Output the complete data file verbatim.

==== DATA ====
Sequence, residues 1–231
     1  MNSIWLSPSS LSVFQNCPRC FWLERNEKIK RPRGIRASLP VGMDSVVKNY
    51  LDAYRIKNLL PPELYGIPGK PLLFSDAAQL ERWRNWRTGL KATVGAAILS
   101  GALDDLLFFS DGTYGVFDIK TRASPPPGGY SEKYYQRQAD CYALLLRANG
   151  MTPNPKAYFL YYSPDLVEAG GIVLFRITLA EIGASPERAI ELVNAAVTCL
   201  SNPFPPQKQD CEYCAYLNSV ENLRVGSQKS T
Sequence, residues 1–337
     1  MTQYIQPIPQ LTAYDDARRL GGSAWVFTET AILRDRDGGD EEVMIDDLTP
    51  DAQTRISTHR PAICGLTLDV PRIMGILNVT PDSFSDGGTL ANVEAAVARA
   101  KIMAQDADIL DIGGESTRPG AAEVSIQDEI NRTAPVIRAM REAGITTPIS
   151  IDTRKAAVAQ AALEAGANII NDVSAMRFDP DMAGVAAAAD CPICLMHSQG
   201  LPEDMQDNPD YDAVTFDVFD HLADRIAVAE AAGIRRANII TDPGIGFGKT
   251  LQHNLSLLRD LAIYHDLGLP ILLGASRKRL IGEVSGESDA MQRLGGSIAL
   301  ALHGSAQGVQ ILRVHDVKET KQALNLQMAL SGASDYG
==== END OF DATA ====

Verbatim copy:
Sequence, residues 1–231
     1  MNSIWLSPSS LSVFQNCPRC FWLERNEKIK RPRGIRASLP VGMDSVVKNY
    51  LDAYRIKNLL PPELYGIPGK PLLFSDAAQL ERWRNWRTGL KATVGAAILS
   101  GALDDLLFFS DGTYGVFDIK TRASPPPGGY SEKYYQRQAD CYALLLRANG
   151  MTPNPKAYFL YYSPDLVEAG GIVLFRITLA EIGASPERAI ELVNAAVTCL
   201  SNPFPPQKQD CEYCAYLNSV ENLRVGSQKS T
Sequence, residues 1–337
     1  MTQYIQPIPQ LTAYDDARRL GGSAWVFTET AILRDRDGGD EEVMIDDLTP
    51  DAQTRISTHR PAICGLTLDV PRIMGILNVT PDSFSDGGTL ANVEAAVARA
   101  KIMAQDADIL DIGGESTRPG AAEVSIQDEI NRTAPVIRAM REAGITTPIS
   151  IDTRKAAVAQ AALEAGANII NDVSAMRFDP DMAGVAAAAD CPICLMHSQG
   201  LPEDMQDNPD YDAVTFDVFD HLADRIAVAE AAGIRRANII TDPGIGFGKT
   251  LQHNLSLLRD LAIYHDLGLP ILLGASRKRL IGEVSGESDA MQRLGGSIAL
   301  ALHGSAQGVQ ILRVHDVKET KQALNLQMAL SGASDYG